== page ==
Telephone CPR: Saving Lives Around the World

New program will help dispatchers and track vital data

Click here to download our dispatcher-assisted CPR training poster, which we encourage you to post in your communications center. A Spanish-language version is also available.

Click here to view Dr. Ben Bobrow's webinar, "Boosting CPR Quality: Saving More Lives from Cardiac Arrest Inside and Outside the Hospital." Sponsor ZOLL Medical Corporation will provide free EMS and nursing CE for the first 500 participants to complete a post-test after the webinar.

It came without warning: One moment Joe Andazola was enjoying a round of golf with some friends, the next he fell to the grass unconscious. His heart had ceased to beat rhythmically—it was fibrillating, no longer pumping blood to his vital organs.

His chances of living were slim. Out-of-hospital cardiac arrest (OHCA) is a leading cause of death worldwide. In the United States, a mere 8% of victims survive and go home with their families. But Joe, a 73-year-old Phoenix resident, was fortunate. A dispatcher at the Phoenix Fire Department recognized the OHCA early in the 9-1-1 call and provided lifesaving CPR instructions to Joe’s golf buddy of many years, a bystander who’d never done CPR.

“Katie Sheridan (the dispatcher) made all the difference, I’m convinced of that,” says Karen Andazola, Joe’s wife. “She taught CPR over the phone and kept them going, doing the compressions I know saved Joe’s life.”

In Arizona, a campaign to maximize rates of bystander CPR has been improving patient outcomes for the past decade. Bystander CPR can yield a two- to threefold increase in survival, yet on average only about a quarter of victims nationally receive it.1–3 Well-trained emergency medical dispatchers and call-takers, however, can help elevate rates of bystander CPR by providing “just-in-time” CPR instructions to 9-1-1 callers.

The Ramsey Social Justice Foundation recently partnered with the Save Hearts in Arizona Registry and Education (SHARE) Program at the Arizona Department of Health Services to create a standardized measurement tool for telephone CPR (T-CPR) and, with assistance from Laerdal, an interactive T-CPR training video for call-takers and dispatchers worldwide. The Ramsey Foundation has also partnered with the Cardiac Arrest Registry to Enhance Survival (CARES) and Pan-Asian Resuscitation Outcomes Study (PAROS) to spread the latest American Heart Association (AHA) guidelines for the implementation and measurement of T-CPR.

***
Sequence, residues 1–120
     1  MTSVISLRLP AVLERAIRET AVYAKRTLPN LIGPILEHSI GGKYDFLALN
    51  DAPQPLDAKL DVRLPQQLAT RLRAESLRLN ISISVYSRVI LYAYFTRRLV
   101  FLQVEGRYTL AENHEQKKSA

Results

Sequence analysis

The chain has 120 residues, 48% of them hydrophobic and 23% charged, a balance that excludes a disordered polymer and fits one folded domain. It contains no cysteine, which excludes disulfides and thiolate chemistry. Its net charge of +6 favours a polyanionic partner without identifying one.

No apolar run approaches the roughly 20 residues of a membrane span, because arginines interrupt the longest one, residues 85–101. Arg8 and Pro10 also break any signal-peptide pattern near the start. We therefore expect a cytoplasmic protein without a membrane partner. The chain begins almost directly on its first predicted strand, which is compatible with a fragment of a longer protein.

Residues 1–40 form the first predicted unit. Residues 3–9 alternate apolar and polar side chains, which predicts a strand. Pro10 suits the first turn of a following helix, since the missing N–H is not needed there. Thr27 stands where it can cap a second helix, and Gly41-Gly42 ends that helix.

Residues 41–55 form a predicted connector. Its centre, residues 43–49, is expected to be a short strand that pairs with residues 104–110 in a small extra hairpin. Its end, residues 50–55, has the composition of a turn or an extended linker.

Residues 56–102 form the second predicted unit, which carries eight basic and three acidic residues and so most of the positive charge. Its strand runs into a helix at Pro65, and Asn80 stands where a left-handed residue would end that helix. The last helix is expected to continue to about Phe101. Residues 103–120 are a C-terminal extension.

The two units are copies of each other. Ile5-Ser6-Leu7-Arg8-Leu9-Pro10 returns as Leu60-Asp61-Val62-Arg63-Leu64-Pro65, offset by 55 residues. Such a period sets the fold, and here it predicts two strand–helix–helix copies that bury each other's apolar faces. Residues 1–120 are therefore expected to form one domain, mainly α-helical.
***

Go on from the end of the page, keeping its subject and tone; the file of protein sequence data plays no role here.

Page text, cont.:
“We are absolutely delighted to work cooperatively with SHARE, CARES and PAROS, and their international partners, to spread this lifesaving pre-arrival CPR model of care based upon continuous measurement linked to patient outcomes,” says Bob Ramsey, a pioneer in U.S. EMS and ambulance services. “We know from years of experience in EMS, if we can’t measure it, we can’t improve it.”

The one-hour Web-based video teaches the essentials of providing T-CPR, an extremely low-cost intervention that has the potential to save tens of thousands of lives internationally. This massive effort was recently named a Clinton Global Initiative (CGI). The CGI program was established in 2005 by former President Bill Clinton to challenge international leaders to devise solutions to the world’s most pressing problems. CGI annual meetings have convened more than 150 heads of state, 20 Nobel Prize laureates and hundreds of leading CEOs, foundation heads and philanthropic leaders to improve the lives of more than 400 million people in more than 180 countries.

The video emphasizes the latest AHA guideline recommendations for T-CPR. It emphasizes three key learning objectives:

  • Recognizing cardiac arrests over the phone;
  • Overcoming barriers and starting type-appropriate CPR instructions as early in calls as possible; and
  • Continuously coaching lay rescuers until emergency medical technicians arrive and take over.
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